All of a sudden, there were two crawling on top of the piglets in the bottom row. I’ve decided, after watching the complete process several times now, the idiom should have been named “pig pile” and not “dog pile”. I’ve seen puppies curl up against each other, but not pile on top of one another like these piglets have done. One little piglet happened to be at the very bottom of the “pig pile”, with two layers on top of him. He let out a squeal, not a single piglet moved. He kept squealing and wriggling until he worked his way out. As this piglet crawled out, he stood up and turned around, climbing onto the top of the four piglets that were once above him. As he continued to climb up, I snickered to myself. Once he settled down, his bottom was right next to their noses – I thought, that serves them right for squishing the poor little guy. I’m pretty sure he must have been thinking the same thing as I saw him wiggling in and settling down into his new spot.
The smartest piglet of the bunch however, had three quarters of its body covered with straw and was snuggled up to the next piglet in line. This little piglet was so well hidden and snuggled under the straw, I am not sure if the other’s knew he was there. Take a look at the picture below and see if you can spot him, Good Luck.
Not to worry, the other critters who reside at Kelly Mountain Farm are doing well, enjoying their free range activities and time in the pool.
- Farrowing is a term specific to swine that refers to the action of giving birth.
- A baby pig is called a “piglet”. The collective noun is a “litter” or “farrow” of piglets.
- Boar: Intact male pig used for any breeding purpose. Gilt: Young female that has not farrowed her first litter.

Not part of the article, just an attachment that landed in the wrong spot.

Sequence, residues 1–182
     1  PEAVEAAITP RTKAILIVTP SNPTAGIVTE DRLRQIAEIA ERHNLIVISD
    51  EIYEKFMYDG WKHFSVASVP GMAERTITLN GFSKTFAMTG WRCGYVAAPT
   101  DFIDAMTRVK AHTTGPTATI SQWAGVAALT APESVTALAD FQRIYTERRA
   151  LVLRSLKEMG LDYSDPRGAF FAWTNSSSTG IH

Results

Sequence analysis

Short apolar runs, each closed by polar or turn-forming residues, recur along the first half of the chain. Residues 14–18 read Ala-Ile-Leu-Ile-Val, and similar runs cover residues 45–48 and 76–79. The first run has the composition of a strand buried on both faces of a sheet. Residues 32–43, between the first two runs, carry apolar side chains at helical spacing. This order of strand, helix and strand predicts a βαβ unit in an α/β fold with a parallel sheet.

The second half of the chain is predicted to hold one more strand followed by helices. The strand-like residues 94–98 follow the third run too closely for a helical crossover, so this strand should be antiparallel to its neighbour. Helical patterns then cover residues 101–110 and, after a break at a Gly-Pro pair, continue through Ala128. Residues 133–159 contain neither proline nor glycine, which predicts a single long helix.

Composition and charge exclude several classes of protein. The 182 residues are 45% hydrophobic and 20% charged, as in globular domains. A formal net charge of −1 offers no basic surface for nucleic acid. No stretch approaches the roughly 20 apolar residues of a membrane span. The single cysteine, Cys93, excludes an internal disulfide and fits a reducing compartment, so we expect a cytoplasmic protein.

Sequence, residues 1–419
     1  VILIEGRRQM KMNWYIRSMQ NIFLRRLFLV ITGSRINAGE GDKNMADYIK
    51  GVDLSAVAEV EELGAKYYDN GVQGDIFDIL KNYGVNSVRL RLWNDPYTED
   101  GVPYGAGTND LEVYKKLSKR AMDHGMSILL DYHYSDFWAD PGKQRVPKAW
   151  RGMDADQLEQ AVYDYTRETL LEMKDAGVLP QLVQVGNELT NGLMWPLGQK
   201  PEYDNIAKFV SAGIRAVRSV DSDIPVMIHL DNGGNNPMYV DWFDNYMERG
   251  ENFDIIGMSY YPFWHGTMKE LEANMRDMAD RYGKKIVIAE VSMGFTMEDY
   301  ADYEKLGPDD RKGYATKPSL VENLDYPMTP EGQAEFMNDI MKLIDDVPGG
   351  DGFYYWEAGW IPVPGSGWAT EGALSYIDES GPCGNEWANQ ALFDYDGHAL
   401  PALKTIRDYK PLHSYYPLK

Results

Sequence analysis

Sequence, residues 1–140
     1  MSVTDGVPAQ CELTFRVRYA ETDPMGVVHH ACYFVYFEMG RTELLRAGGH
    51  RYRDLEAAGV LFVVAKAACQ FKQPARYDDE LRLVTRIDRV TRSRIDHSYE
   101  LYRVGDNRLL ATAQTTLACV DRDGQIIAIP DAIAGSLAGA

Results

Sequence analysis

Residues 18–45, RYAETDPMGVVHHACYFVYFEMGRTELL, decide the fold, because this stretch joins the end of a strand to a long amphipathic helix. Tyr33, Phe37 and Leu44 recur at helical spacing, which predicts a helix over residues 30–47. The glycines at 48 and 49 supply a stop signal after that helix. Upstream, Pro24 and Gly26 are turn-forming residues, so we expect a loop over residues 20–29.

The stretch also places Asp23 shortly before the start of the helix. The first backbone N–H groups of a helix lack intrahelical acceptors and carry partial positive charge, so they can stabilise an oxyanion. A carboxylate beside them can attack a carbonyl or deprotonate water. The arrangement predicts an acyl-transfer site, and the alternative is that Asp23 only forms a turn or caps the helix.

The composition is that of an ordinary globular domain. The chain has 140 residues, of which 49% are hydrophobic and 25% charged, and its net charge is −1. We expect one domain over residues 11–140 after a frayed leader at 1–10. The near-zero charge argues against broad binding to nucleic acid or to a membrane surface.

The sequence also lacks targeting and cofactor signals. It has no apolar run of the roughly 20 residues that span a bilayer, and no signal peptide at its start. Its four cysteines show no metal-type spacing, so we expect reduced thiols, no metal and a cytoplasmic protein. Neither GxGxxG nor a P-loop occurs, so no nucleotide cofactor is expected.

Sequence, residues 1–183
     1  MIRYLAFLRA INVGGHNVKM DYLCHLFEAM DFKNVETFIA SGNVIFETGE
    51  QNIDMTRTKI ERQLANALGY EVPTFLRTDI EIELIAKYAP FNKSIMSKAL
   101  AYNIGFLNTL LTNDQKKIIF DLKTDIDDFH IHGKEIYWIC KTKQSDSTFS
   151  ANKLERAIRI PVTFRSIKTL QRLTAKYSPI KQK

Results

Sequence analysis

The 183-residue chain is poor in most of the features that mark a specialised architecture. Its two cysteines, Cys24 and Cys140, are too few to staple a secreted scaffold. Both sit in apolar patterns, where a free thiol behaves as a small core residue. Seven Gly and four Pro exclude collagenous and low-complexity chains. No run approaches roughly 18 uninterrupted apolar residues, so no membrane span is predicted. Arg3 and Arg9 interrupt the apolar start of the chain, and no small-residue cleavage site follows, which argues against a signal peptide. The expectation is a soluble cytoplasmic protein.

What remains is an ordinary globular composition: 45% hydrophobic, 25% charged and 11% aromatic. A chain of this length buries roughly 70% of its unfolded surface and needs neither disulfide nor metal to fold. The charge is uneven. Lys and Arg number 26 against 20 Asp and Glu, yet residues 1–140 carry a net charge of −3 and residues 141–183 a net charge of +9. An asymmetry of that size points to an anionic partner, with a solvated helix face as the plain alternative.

October 8, 2018
I’ve dug in the dirt, planted seeds, painstakenly hand weeded beds upon beds of garlic. Had my hands covered in compost mixing it into the dirt to give rejuvination to the soil. I’ve watched chicks hatch in an incubator and I’ve raised chicks from a day old that arrived by post. To be part of, and to see a birth, is the most amazing part of life. Early this morning I was priviledged to be part of one of the gilts first litter. I wasn’t there for the beginning of the delivery process and didn’t even know what was going on while I slept, although before calling it a night, I knew something should be happening during the next few hours. The main farmhand was on duty and when I awoke later in the evening he explained the first piglet was born at twelve thirty a.m. I awoke around two a.m. thinking I needed to be with the gilt. It was approximately an hour later that I finally crawled out of bed, getting dressed and walking down to where the two gilts are housed. I started speaking to Cher (the farrowing gilt) as I approached her enclosure and climbed over the fence to see what was happening. There were piglets! I saw twelve, maybe thirteen squirmy, beautiful creatures. I found it difficult to count so many moving bodies at one time.
Now, you never want to trust a pig! It doesn’t matter how tame or friendly a pig is. Always be aware they are the one in charge and stay ready to move at a moments notice. Don’t get me wrong, we love our pigs and they love us, it just happens to be, how it is.
I ducked down under the overhanging two by four and went into Cher’s personal space. I took the time to sit and watch these small creatures searching for their spot to suckle. I am not sure if I created more tension being there or not and having Cher most comfortable may have been an issue for better or worse. She seemed to be having difficulty preparing for the next birth. Sadly, the piglet was born still. All of a sudden the farmhand appeared, we discussed the dead piglet and how to handle the situation. About 10 minutes later, there was another piglet born, fresh and ready to find the warmth of its mother. Then another piglet! The excitement was over, I tried three attempts at counting how many piglets had arrived with little success.
To conclude, approximately at ten minutes to five, it was all over. Once the remaining membrane was arriving and the hardest part over, I headed for bed at ten minutes to five.